VIMS Modeling Approach Predicts Street-Level Storm Tide

A team of researchers at the College of William & Mary’s Virginia Institute of Marine Science (VIMS), accurately hindcasted Hurricane Sandy’s landfall along the U.S. Atlantic coast using a large-scale, unstructured grid storm tide model, called Semi-implicit Eulerian Lagrangian Finite Element. The researchers used data collected before Hurricane Sandy and tested the results with observations recorded during the event.

This type of forecasting is difficult due to the number of variables at play. In the case of Hurricane Sandy, water was cast ashore by forces at work far out in the Atlantic Ocean. However, being able to model a hurricane’s storm tide on the neighborhood or street level is a powerful tool in preparing a response. To do so, however, modelers need the right data far enough in advance of the storm for people and agencies to respond.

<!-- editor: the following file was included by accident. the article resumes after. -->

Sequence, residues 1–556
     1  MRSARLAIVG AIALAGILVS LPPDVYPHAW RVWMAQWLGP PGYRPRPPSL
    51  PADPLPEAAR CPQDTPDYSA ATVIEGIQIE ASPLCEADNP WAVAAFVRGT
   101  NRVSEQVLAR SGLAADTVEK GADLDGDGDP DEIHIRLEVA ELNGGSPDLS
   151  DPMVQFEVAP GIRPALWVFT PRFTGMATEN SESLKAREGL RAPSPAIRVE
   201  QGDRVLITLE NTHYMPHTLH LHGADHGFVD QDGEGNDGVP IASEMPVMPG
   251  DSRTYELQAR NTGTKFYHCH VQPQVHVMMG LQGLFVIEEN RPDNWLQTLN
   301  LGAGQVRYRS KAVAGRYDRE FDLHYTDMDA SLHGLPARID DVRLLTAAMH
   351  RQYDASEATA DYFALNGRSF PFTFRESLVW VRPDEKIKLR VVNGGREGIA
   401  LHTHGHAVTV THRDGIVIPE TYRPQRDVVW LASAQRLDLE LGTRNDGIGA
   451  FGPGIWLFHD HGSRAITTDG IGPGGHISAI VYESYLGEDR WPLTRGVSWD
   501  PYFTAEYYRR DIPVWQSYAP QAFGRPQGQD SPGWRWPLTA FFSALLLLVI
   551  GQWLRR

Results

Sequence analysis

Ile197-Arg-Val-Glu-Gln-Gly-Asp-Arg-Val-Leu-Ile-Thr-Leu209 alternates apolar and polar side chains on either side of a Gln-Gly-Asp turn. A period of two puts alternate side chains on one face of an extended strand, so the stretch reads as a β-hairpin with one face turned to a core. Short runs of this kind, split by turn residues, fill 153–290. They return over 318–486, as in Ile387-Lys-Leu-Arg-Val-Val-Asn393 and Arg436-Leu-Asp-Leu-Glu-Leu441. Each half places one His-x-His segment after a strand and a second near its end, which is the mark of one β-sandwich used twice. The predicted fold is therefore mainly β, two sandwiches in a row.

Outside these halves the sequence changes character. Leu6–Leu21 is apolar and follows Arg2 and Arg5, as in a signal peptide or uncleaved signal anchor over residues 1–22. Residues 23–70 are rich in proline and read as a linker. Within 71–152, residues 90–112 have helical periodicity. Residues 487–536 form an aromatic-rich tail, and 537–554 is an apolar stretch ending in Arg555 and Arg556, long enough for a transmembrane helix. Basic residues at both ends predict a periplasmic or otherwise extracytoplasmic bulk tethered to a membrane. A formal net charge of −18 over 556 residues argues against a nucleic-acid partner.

With the right input, the VIMS team was able to simulate water levels to within 152mm – 203 mm (6 in. – 8 in.) of those observed in New York City and surrounding areas during Hurricane Sandy’s approach and landfall in late October 2012. These results include sections of Manhattan with buildings and other infrastructure that diverts and channels floodwaters in complex ways. An article detailing the study was published in the Journal of Marine Science and Engineering on March 19. Read more.

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